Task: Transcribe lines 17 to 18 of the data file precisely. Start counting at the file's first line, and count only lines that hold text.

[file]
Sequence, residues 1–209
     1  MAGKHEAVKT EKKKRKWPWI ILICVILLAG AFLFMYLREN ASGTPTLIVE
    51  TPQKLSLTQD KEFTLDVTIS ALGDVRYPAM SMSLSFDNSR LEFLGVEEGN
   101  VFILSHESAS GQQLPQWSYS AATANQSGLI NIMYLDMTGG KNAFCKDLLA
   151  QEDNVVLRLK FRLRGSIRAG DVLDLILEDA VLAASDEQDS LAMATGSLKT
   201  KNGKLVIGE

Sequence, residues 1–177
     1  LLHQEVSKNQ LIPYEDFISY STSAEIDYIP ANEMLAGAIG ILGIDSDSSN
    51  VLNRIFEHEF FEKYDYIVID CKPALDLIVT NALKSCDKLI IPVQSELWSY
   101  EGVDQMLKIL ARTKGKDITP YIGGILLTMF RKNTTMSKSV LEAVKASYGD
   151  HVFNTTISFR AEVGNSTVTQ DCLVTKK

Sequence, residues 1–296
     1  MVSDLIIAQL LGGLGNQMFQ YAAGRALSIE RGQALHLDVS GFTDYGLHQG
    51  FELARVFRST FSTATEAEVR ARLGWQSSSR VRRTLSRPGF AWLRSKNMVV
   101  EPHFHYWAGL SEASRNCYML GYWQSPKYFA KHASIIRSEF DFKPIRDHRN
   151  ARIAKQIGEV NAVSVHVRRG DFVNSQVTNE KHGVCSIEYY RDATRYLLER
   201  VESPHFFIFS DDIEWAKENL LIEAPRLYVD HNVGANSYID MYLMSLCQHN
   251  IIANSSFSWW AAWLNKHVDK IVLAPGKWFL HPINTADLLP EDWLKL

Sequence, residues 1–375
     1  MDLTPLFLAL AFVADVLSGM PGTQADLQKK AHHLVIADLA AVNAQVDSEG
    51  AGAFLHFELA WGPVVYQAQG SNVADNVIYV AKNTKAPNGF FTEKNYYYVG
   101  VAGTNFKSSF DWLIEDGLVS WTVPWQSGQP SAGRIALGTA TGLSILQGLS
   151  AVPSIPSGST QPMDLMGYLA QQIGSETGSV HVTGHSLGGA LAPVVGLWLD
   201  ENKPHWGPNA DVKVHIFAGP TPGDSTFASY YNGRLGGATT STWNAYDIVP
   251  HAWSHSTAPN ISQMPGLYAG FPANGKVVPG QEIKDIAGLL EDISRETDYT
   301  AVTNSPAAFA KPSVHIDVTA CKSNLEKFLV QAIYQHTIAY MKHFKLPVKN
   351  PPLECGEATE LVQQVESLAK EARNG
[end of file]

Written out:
   201  VESPHFFIFS DDIEWAKENL LIEAPRLYVD HNVGANSYID MYLMSLCQHN
   251  IIANSSFSWW AAWLNKHVDK IVLAPGKWFL HPINTADLLP EDWLKL